What is the LSU Macromolecular Studies Group?
Research Focus Groups
Description (as it appears in Louisiana Materials Research Consortium planning documents)
This interdepartmental coalition of 20 faculty has raised the quality of research and teaching to a level of international recognition. It was in the first cadre to receive a prestigious Materials, Synthesis and Processing award from NSF. Attesting to its continued productivity and growth, in 1999 MSG was selected from a starting field of 270 applicants to receive one of 19 NSF-IGERT awards ($3.2M). It joins 99 other IGERT sites nationwide, spanning all research areas supported by NSF, in the quest to reinvigorate graduate school through interdisciplinary research, education and training. Research ranges from characterization of polyolefins to the macromolecular aspects of Alzheimer’s disease. Other projects include molecular imprinting, biopolymer structure and dynamics, polymer-surface interactions, polymer-clay composites and precursors, other composite materials and polymer modification. Two junior faculty hold NSF-CAREER awards. MSG enjoys excellent relations with regional, national and international partners in industry. It is working to galvanize Louisiana’s other academic polymer efforts; the relations with Tulane University and the University of Louisiana at Lafayette are particularly close. Funding comes from NSF, NIH, USDA, DOE, ACS, Research Corporation and various industrial and state sources. Currently, MSG claims $11.9M in externally funded research. Year 2003 research expenditures exceeding $3M will support or partially support 10 postdoctoral researchers and 61 graduate students. Group members hold 38 patents and a significant portion of those awarded to LSU. In the years 2001-2, 134 papers were abstracted; of these, 90 appeared in peer-reviewed journals.
History and Purpose
The LSU Macromolecular Studies Group was founded in 1985 with a program development grant from the Louisiana Center for Energy Studies. Its mission is to coordinate education, research and service in the science and technology of large molecules, both synthetic and bio-derived. MSG now includes some 20 faculty in 6 campus units. There are additionally affiliate members from other Louisiana universities. As a result, with the possible exception of Ohio, no other state offers such a wide range of academic support for polymer-related activities. Supported activities include travel by graduate students to meetings, student awards, seminars at LSU and other Louisiana universities by outside speakers, minicourses, minisymposia and student recruiting. Most MSG faculty have joint research projects, and interdepartmental communication and cooperation are excellent. MSG maintains outstanding relationships with the polymer industry, and now derives most of its funding though industrial contract work performed in the Polymer Analysis or Polymer Engineering and Properties Laboratories.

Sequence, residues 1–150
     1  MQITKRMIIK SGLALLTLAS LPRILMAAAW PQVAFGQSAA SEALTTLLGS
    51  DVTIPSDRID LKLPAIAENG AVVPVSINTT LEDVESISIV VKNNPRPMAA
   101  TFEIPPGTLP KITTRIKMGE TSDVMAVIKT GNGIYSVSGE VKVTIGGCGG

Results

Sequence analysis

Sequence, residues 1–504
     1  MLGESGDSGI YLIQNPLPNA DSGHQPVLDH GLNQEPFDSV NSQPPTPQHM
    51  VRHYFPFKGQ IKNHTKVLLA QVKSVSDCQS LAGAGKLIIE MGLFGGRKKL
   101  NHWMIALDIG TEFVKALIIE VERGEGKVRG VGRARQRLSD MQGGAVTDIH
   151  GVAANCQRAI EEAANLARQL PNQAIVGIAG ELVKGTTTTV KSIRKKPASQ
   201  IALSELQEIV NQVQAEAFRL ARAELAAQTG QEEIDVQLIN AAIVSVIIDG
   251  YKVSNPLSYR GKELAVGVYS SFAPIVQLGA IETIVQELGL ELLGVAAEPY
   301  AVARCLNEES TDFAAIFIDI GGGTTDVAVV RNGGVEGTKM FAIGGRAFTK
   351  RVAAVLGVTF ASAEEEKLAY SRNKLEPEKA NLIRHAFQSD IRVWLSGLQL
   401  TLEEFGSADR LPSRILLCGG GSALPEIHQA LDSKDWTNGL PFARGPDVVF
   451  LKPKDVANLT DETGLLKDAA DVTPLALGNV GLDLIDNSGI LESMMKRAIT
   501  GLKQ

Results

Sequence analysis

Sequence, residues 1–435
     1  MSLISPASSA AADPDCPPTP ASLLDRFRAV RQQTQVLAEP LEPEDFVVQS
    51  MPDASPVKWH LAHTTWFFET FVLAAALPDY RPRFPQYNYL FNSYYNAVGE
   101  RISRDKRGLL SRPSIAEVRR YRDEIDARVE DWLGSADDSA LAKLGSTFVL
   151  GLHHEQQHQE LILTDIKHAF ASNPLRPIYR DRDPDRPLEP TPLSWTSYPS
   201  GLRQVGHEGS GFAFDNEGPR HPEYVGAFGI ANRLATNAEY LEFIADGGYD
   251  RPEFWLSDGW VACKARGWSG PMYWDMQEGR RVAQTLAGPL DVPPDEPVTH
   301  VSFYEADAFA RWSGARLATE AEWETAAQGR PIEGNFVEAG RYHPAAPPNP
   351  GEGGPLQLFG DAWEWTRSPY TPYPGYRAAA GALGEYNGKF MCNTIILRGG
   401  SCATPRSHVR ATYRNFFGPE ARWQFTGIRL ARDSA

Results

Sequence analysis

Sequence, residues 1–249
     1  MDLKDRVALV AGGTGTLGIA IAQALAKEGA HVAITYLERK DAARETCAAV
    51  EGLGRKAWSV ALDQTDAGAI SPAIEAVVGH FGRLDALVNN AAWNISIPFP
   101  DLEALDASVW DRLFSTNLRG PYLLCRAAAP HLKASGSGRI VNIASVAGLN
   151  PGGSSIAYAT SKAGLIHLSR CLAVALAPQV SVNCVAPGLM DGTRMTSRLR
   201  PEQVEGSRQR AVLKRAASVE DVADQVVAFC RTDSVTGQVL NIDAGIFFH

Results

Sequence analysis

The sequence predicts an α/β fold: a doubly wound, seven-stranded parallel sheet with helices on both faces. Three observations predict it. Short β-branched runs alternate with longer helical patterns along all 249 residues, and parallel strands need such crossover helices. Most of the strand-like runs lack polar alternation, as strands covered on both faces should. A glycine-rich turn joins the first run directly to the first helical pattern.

Studying Macromolecules at LSU
Students are qualified and admitted by the Graduate School into one of the participating departments and pursue an advanced degree in that department. Students learn to interact with fellow citizens of the polymer community through interdisciplinary research, cross-populated courses, and social and scientific events of all kinds. Encounters with industrial researchers are frequent, and many students are given the opportunity to present their work at national conferences during their residence. Thus, MSG students receive every opportunity to begin a strong industrial or academic career.
Well trained graduates are our most important asset. The desire of the Macromolecular Studies Group is that each student become first and foremost an expert in his or her chosen field and then add the science and technology of macromolecules. Taking shortcuts and learning just what one needs to know to be a practicing polymer scientist or engineer definitely are not encouraged. We seek highly motivated students with keen intellect and intense curiosity, who can undertake rigorous coursework training and still actively perform research of the highest calibre. Course requirements vary according to department. Students ordinarily confer with faculty in their departments to establish which courses are most useful to them. Factors influencing these decisions include: interests of the student, need for remediation, research readiness, and a liberal education in macromolecules. The core curriculum of lecture and laboratory courses is taught by Chemistry, Biochemistry and Chemical Engineering. All Macromolecular Studies Group students are encouraged to take these courses some time during their residence.
NSF IGERT Program: Teaching Craft for Macromolecular Creativity
LSU offers an NSF Integrative Graduate Education and Research Training center devoted to polymers and biopolymers. The novel approaches to graduate education being developed here may serve as models for other interdisciplinary areas of research. The CMC-IGERT program creates an ideal environment for top graduate students pursuing a career in industry, academia or the national laboratories.
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